• SuperChassis 846TQ-R900B (with Supermicro 1200W model PWS-1K21P-1R)
  • (2) E5-2670 @ 2.6 GHz
  • Supermicro X9DR7-LN4F-JBOD
  • 256GB Registered ECC DDR3 RAM (16 x 16GB)
  • Noctua i4 Heatsinks
  • (5) Noctua NF-R8 (to bring the noise level down on the chassis)
  • (2) SanDisk Cruzer 16GB CZ33
  • (2) Intel S3500 80GB SSD’s
  • (1) Supermicro AOC-2308-l8e
  • (3) Full-Height LSI Backplates (for the AOC-2308’s and the P3605)
  • (6) Mini-SAS Breakout Cables
  • Intel P3605 1.6TB PCIe SSD
  • (9) 2TB HGST Ultrastar 7K3000 Hard Drives
  • (4) 10Gb Twinax DAC Cables
  • (2) Intel X520-DA2

So why did I make these changes?  The power supply was a no-brainer.  The R900B chassis was really, really loud.  I have another Supermicro 846 with a PWS-1K21P which is totally tolerable.  So I went ahead and picked one of those up from Ebay for pretty cheap.  I decided to get rid of the USB drives and replaced them with S3500’s.  I’ve had two USB sticks go bad on me in the last two months and was having some issues during the installation, so I found a pair of new S3500’s a great price.

Finally, I decided to use the eight (8) SATA 3G ports on the motherboard so that I could save a PCIe slot for the controller.  I just hooked up classic hard drives to those ports, which can’t even come close to saturating the 3G speeds.  This lets me add another PCIe SSD or an external SAS card to add more drives in an expander.

FreeNAS Installation

Now that the system is finally built and has gone through the burn-in process, it’s time to install FreeNAS.  This is a pretty simple process that is very well documented, so I won’t bore you with my screenshots.  Instead, go check out the FreeNAS site here:

FreeNAS Installation Documentation

I did install directly to a mirrored set of drives, which as you will read in the documentation is as easy as pressing the spacebar!

Once you get through the installation process, it will tell you the IP address you should use to go access the web-based GUI.  This is where the fun really starts.  Again, there are guides for everything that I did, so I’ll instead run through my high-level steps and provide links to the resources that I made use of.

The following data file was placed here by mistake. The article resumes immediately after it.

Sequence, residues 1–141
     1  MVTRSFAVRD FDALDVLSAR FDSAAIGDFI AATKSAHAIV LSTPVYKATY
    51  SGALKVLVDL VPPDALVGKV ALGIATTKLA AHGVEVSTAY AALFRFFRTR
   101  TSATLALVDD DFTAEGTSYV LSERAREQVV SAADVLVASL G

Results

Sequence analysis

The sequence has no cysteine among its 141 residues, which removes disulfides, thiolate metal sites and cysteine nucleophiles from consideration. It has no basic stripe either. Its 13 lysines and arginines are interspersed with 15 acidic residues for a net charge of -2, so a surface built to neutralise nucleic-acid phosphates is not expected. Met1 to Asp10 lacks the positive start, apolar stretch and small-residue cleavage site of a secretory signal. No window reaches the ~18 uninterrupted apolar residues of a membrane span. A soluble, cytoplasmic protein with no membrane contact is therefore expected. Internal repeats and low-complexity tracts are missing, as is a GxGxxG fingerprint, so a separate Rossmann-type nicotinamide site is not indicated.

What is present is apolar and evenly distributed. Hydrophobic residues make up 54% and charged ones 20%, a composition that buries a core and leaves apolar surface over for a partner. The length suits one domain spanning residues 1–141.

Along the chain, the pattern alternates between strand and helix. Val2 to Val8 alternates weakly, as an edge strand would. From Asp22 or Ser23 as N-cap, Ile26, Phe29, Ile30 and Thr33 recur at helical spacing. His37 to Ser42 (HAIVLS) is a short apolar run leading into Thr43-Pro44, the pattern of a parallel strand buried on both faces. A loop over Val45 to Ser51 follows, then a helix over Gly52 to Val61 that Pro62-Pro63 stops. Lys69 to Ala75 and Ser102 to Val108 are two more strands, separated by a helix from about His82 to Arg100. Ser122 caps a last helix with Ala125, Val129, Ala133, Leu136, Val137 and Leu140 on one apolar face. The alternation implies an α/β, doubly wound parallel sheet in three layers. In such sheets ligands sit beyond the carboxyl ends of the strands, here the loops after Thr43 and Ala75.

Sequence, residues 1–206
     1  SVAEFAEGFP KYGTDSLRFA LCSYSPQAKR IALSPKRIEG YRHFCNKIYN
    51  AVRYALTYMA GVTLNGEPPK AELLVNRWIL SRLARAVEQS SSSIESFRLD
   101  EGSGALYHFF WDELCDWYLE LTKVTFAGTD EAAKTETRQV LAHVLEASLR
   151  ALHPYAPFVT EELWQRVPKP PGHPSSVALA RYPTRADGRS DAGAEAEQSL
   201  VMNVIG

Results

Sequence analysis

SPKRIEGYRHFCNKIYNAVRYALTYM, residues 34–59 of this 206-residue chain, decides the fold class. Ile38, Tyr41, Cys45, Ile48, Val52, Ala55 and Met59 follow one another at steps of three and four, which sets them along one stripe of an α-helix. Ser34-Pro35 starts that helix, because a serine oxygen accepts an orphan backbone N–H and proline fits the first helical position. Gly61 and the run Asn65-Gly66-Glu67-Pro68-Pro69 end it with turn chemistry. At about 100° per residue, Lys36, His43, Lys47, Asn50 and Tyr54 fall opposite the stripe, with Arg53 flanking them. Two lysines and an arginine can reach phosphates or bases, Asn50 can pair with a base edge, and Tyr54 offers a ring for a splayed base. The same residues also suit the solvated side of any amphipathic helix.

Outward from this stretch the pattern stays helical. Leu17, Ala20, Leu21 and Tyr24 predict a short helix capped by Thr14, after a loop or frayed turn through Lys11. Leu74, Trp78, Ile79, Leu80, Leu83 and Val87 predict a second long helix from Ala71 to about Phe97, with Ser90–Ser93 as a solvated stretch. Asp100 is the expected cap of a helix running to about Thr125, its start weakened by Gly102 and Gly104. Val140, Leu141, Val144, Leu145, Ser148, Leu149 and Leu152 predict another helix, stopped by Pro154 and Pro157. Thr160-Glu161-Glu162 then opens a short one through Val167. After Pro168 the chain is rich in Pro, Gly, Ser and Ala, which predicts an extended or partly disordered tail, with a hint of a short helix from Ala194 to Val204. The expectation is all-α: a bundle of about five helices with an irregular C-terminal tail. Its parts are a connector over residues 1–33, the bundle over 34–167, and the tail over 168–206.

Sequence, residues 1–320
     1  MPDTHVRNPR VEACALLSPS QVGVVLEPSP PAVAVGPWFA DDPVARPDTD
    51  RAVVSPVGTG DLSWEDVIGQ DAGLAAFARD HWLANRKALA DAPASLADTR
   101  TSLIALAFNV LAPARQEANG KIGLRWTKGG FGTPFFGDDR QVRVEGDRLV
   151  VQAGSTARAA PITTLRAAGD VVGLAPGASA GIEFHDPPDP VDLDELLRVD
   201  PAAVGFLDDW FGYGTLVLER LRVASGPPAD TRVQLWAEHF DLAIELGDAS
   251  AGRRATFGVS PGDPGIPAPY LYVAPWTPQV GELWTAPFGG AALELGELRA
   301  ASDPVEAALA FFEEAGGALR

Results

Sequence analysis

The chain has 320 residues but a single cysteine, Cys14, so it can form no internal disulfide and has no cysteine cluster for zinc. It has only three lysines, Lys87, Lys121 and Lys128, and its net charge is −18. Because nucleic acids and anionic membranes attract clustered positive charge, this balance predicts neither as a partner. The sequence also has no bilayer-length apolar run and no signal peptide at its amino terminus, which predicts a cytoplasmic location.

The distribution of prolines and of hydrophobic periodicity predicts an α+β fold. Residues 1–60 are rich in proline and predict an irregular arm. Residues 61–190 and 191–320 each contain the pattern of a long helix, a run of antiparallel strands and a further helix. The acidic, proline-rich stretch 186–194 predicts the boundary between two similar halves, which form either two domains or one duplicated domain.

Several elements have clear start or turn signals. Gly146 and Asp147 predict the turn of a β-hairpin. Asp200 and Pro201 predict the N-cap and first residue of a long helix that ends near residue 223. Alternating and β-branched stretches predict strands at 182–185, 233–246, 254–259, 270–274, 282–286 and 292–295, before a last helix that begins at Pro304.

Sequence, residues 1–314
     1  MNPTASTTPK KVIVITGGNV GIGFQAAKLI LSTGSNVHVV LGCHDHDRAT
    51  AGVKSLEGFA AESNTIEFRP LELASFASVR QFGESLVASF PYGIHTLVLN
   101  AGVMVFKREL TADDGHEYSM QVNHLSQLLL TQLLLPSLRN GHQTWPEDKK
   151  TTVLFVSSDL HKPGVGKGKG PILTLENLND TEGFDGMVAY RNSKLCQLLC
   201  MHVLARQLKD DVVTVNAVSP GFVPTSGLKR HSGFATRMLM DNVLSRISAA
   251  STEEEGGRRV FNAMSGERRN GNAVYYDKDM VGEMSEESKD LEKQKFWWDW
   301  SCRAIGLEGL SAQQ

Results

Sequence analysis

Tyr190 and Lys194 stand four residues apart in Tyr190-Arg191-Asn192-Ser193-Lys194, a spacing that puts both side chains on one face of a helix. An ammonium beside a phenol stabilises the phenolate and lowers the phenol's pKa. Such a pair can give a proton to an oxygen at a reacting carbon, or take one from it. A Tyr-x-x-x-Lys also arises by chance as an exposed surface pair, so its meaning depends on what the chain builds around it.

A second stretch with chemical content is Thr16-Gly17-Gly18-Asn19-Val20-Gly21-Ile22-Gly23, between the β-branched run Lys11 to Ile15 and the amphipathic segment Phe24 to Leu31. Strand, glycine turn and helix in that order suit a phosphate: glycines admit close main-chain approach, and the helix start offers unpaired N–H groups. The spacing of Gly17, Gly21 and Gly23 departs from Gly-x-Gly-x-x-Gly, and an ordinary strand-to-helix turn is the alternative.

Final Burn-In

Before I made it to the actual configuration of FreeNAS, I had to finish my burn-in process.  In part 1, we completed the burn-in on the majority of our hardware, but now we have to burn in the hard drives.  If you are using all SSD’s, you don’t have to worry about this.  If you have hard drives, even brand new hard drives, you should burn them in.  Luckily, there’s a great burn-in guide on the FreeNAS forums:

FreeNAS Burn-In Guide

FreeNAS Initial Configuration

Now that everything is tested and burn-in has been completed was set up a storage volume.  You really need at least one of these configured before you can move on to the rest of the steps.  I highly recommend reading up on ZFS if you haven’t already.  There’s a great guide on the FreeNAS forums for those of you completely new to ZFS.  Check it out here:

ZFS Primer Presentation

I set up a pair of volumes to start.  First I set up my classic hard drive volume.  I chose to use a striped set of mirrored disks to give me the best performance and redundancy for my benchmarking use.  This is basically what hardware RAID would could RAID 10.  I will use this volume to test network storage for my Essbase benchmarks.  I’ve also set up a single volume using my 1.6TB PCIe SSD.  Just to break up the text…you may remember this from part 1:FreeNAS ZFS zPool

FreeNAS ZFS zPool

Next I moved on to getting my network configuration up and running.  For me, this was setting up the global settings like DNS servers and the Gateway.  Then I moved on to set up the networking for my server.  Basically I added my main network interface and changed the IP to a static address.  Both of these topics are covered here: